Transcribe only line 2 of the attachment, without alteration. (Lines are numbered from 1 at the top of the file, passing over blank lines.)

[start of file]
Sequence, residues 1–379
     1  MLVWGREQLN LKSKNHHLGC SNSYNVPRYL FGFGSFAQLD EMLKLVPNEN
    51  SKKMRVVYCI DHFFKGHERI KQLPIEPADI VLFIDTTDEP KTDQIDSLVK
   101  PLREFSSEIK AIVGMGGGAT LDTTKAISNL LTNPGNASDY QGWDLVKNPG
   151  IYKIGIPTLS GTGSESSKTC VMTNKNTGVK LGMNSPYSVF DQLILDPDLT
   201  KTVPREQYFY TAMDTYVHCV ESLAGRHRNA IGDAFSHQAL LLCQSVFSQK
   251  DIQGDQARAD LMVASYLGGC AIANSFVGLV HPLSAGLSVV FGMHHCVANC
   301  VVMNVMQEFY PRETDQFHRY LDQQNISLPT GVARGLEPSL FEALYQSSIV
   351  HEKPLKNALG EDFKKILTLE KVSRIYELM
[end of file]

     1  MLVWGREQLN LKSKNHHLGC SNSYNVPRYL FGFGSFAQLD EMLKLVPNEN